I also feel bad for his kids. Is it "tragic"? Perhaps in the poetic, literary sense. As far as I'm concerned, though, Spitzer leveraged New York's ridiculous Martin Act into a wholly counterproductive state-sanctioned extortion operation against the securities industry, and he (and others) had no compunction about ruining the lives of others.
Yes, agree that Spitzer's use of the Martin Act was a real stretch, and his prosecutorial personality was often abrasive in a counterproductive way. We might agree that there were better ways of cleaning up the excesses of the finance industry in the late 1990s / early part of this decade (maybe having the SEC do its job). No doubt there are some happy folks on Wall Street and in the insurance industry today. So, yes, tragic in the literary sense (i.e., someone is "dead on the stage" at the end).
Clearly, others in the thread above knew him better on campus than I did, and aren't feeling terribly sympathetic.
does anyne recall that in the 1970s a pros ring on 5th avenue was th starting poit for the redignation of vice predidnt spiro agnew, and the the dreyfus fund and later sec labor ray donovan were part of the haul?
gooogle xaviera hollander.
or recall an old bob dylan lyric...to live outside the law u must be honest.
How did Spitzer deal with Alan Hevesi? He called on him to resign and that he was unfit for office.
Well, Spitzer's now in Hevesi's shoes - admitting to engaging in illegal and unethical behavior. Sounds like he should take his own advice and resign.
A polititian with strong approval ratings can weather a sex scandal by leveraging political capital or coming to Jesus. Spitzer lacks the ratings and both options would seem to be off the table for him.
David Paterson will end up serving out Spitzer's term. New York could do much worse.
I am also a Princeton '80 alum. I'm a scientist and Spitzer was the opposite of a scientist, but I saw him him a number of times and we had some common friends. We didn't interact much, but I have to say I am not surprised today.
I think you'll recall that he was the typical student government jackass, power-hungry in his little tiny area of influence, always scheming, a real pr1ck.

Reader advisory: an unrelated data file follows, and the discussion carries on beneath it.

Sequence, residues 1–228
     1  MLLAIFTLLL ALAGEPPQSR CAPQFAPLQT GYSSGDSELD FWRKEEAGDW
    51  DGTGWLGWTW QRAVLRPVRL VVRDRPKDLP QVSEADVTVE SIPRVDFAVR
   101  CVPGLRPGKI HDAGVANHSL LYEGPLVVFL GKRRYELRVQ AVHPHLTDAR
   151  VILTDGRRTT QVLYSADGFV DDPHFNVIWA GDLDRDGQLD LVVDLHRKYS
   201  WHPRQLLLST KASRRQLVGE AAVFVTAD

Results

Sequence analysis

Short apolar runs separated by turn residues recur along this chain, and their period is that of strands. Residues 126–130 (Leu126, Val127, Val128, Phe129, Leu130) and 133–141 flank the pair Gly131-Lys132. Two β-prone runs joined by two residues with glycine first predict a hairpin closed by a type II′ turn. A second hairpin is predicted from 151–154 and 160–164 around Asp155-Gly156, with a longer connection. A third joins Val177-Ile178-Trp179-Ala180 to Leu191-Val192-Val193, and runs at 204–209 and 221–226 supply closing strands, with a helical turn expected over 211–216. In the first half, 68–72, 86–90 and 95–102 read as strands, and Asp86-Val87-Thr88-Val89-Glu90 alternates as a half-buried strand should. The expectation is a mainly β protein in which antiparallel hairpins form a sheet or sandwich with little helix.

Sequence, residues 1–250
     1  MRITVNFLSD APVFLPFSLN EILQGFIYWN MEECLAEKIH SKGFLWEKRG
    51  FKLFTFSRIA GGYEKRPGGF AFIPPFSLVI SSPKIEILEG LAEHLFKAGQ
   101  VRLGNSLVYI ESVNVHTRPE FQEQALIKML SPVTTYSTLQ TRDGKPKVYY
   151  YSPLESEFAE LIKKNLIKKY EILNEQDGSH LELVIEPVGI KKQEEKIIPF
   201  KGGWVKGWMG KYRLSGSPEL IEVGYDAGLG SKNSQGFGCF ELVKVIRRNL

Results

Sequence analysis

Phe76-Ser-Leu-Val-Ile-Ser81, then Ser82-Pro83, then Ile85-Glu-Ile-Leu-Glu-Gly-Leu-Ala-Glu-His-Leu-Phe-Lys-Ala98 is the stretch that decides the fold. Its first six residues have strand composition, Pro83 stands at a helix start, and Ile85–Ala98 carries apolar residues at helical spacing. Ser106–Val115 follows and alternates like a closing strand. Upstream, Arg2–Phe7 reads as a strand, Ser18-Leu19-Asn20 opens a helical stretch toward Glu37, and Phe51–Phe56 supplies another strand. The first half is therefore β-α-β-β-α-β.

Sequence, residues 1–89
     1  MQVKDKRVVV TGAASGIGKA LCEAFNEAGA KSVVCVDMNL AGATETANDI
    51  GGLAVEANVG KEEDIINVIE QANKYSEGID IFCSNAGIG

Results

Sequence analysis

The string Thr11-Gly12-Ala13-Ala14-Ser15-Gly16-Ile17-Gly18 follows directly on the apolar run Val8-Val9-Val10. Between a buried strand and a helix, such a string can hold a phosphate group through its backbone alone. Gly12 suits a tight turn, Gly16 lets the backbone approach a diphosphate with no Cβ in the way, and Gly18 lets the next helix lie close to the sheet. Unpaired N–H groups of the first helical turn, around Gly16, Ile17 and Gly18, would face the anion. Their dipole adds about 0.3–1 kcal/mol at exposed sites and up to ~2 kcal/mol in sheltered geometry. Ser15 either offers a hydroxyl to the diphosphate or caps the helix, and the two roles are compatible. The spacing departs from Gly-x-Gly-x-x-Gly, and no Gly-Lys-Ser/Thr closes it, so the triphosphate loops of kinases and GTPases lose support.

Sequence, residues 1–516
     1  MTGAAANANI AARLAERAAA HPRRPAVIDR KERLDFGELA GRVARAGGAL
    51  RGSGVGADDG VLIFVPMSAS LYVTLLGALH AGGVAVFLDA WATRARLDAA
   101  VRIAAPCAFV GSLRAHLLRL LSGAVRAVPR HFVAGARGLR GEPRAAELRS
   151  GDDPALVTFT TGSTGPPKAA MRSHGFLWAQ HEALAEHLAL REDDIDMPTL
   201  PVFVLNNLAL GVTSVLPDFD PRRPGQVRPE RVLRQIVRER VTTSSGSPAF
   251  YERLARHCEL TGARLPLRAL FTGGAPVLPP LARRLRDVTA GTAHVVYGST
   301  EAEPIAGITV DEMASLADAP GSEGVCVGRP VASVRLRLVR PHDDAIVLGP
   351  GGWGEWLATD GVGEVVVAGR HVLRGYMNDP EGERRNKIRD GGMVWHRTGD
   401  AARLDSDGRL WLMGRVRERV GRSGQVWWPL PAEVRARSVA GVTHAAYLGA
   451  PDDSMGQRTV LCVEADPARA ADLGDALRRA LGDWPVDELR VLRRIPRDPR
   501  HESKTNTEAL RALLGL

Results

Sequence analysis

Even then he had scary-dead eyes, like a damn shark. He struck me as a ruthless SOB at the time, and I didn't have much to do with him if I could avoid it.
Totally in character what happened today, IMO.
And this ain't a tragedy. A soldier getting killed and leaving behind a wife and two kids is tragic. This is more "hoist by your own petard" comical.
Anon 11:03 -
I respect your take on it; you interacted with him more than I did.
We used to say about PU, when people asked us as undergrads what we liked most about the place, "the best thing about the place is the people and the worst thing about the place is the people."
I agree that a soldier getting killed and leaving a family behind is a true tragedy, and orders of magnitude greater than this sordid affair, but a betrayal of public trust is at least a little bit of a tragedy (ordeal, tribualtion, what?).
Re: your 3/10 5:58 PM comment, the WSJ editorial about sums it up.
Overreaching (Spitzer, not the opinion piece), in a nutshell.
But can you be a "reformer" without being an asshole? Or was it always just about the accumulation of power for power's sake for him?
Having been involved in a few business workouts/turnarounds (the closest I have ever come to instituting "reform"), you have to break eggs to make an omelet, sometimes at a human cost. It can be done in a professional manner, though, as I am sure you know, without threats and bullying. Firing people who have done no wrong but can no longer be afforded by the organization is never easy.
(Which brings to mind a favorite quote from "Analyze This" -- DeNiro says to Billy Crystal, "well, yeah, maybe I was going to whack you, but I was real conflicted about it.")
Obviously, letting someone go from a company is not the same as threatening a CEO or CFO with criminal indictment, but I think my point is you can be a good turnaround guy or you can be a Chainsaw Al; can you be an effective "political reformer" without being a Spitzer? I hope so, but nobody comes to mind in the last decade or two. Any names anybody can throw out there?
Richardson Dilworth in Philly in the 1950s?
I think I speak for many people when I say: